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Is Artificial Intelligence good or bad? (Part 1)

In my review about Speaker for the Dead I briefly mentioned the artificial intelligence that accompanies Ender by the name of Jane. There are so many elements to consider when thinking about A.I.; does it already exist, will it create a utopia, will we all be annihilated? Some people think it’ll be the most extraordinary advance to change our lives since the industrial revolution, some think it’ll be the end of humanity as we know it, others still (like myself) are optimistically cautious. Each view holds some merit, especially since Moore’s law (the fact that computing power doubles every two years) has held true for over fifty years. Anything advancing that quickly demands our attention. The moral implications as we hand over decision making processes off to machines are astounding, the automation of killing people in certain military drones is quickly becoming a reality, and the displacement of jobs for the future is also a concrete wall that we’re speeding towards and there are no brakes.

A prime example of someone who believes our moral values are more important now than ever is Zeynep Tufekci. In her Ted Talk from 2016, she makes the case for human morals being more important than ever in a world where we are handing over more and more decision making processes to algorithms and automation we don’t entirely understand.

 

Zeynep begins with a great anecdote asking whether or not a computer can tell if a person is lying (her boss was asking her because he was cheating on his wife). This raises an interesting question on many levels; 1st can machines detect a lie, 2nd if they can then can they too also lie? Ponder on that for a moment, if a machine could learn that humans sometimes lie to avoid an undesired response could it then too not incorporate what it learned and use it itself? When we think about A.I. we need to consider that until this point machines and computers only had the capacity to do what they were told; humans maintained control. There’s always a person plugging in numbers into a calculator, there’s a person hitting the send button on that Facebook message, there’s a person behind the steering wheel pressing the gas or the brakes when needed. Although we all know we as humans aren’t perfect, we can count on (most) humans to act guided by a sound moral compass. Are we ready to trust machines with the same moral decisions?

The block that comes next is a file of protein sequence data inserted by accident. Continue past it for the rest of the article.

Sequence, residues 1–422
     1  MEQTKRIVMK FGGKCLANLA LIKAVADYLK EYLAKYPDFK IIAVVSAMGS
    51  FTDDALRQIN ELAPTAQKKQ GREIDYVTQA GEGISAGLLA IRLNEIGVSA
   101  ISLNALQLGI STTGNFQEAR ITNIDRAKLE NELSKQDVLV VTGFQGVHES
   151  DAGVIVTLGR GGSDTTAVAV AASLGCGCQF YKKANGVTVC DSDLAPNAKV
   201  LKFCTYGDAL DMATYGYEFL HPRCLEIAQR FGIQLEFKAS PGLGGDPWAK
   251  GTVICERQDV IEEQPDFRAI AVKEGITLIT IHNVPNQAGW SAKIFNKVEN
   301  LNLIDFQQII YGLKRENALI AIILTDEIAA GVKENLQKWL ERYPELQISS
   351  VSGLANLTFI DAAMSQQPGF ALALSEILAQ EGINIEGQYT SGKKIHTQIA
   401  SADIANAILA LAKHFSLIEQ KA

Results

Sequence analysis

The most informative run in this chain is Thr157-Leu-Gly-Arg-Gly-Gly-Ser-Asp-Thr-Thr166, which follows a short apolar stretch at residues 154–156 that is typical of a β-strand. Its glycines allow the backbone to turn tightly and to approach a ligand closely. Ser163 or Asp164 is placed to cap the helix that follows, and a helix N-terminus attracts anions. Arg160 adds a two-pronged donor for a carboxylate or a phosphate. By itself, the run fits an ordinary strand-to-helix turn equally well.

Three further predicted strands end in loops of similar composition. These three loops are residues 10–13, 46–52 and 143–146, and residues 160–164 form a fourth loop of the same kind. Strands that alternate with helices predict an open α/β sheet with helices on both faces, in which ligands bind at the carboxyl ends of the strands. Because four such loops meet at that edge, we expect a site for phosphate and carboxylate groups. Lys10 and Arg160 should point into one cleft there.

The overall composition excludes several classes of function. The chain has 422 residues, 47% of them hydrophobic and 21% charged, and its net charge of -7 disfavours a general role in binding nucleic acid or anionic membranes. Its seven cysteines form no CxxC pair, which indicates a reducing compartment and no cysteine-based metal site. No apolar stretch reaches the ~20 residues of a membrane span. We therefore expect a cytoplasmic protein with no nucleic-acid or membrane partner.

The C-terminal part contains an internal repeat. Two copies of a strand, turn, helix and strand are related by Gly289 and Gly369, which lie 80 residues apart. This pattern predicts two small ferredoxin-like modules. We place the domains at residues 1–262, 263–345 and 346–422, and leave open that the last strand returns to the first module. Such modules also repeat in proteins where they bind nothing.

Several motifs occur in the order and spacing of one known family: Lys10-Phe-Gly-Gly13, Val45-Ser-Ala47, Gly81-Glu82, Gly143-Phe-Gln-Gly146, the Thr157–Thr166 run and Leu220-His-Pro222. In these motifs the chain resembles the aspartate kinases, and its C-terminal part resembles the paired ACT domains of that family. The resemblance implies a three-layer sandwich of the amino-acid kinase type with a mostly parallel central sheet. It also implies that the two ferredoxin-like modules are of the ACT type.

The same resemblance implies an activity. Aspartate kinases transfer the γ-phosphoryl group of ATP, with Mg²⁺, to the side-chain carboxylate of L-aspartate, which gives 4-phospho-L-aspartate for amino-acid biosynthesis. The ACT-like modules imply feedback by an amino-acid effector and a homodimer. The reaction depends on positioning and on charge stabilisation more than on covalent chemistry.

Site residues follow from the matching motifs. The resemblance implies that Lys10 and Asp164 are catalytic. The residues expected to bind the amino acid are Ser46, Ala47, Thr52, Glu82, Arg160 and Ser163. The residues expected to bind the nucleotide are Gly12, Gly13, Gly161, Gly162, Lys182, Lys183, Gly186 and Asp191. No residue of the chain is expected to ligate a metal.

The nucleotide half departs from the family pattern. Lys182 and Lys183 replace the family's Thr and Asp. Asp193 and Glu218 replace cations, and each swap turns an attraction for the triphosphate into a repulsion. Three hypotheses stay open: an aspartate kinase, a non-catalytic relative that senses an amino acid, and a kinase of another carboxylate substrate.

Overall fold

A question I’ve pondered a lot lately is if a self-driving car kills someone then does their existence make roadways less safe than human drivers? An interesting article by Business Insider states, “A 2014 Google patent involving lateral lane positioning (which may or may not be in use) followed a similar logic, describing how an AV might move away from a truck in one lane and closer to a car in another lane, since it’s safer to crash into a smaller object.” Can we safely allow A.I. to make life altering decisions for us? How do we set acceptable limits? Zaynep argues that we don’t really have any bench marks or guides for making decisions in complex human affairs. Basically we’re not sure how an A.I. would make its’ decisions, and we don’t like what we don’t know. Zeynep also mentions “Machine Learning” unlike regular programming where its given detailed instructions on how to respond to certain scenarios, machine learning gives the computer tons of information which it then takes and uses to learn. For example, let’s say you show a program one hundred pictures of dogs, all kinds of dogs; it’ll analyze every picture and start to learn the features of a dog. Our programs do this so well that if you later showed it a picture of a cat it would tell you that the picture is “not a dog” if asked. Now that’s a REALLY basic summary but you get the picture (see what I did there?).

This to me is incredibly interesting because I’m one of those people sitting on the fence about A.I., I definitely see the appeal and become excited thinking about all the cures for disease, the technology we could further develop, and how much further we could get in our exploration of the universe if only we had systems like A.I. in place helping to do the research. In that same breath, I also see how giving these machines the ability to make probabilistic decisions in a way we don’t quite understand is worrisome, especially if these systems are put in place for military weapons, transportation systems, and even food and water filtration systems. It’s either a utopia or dystopia…great.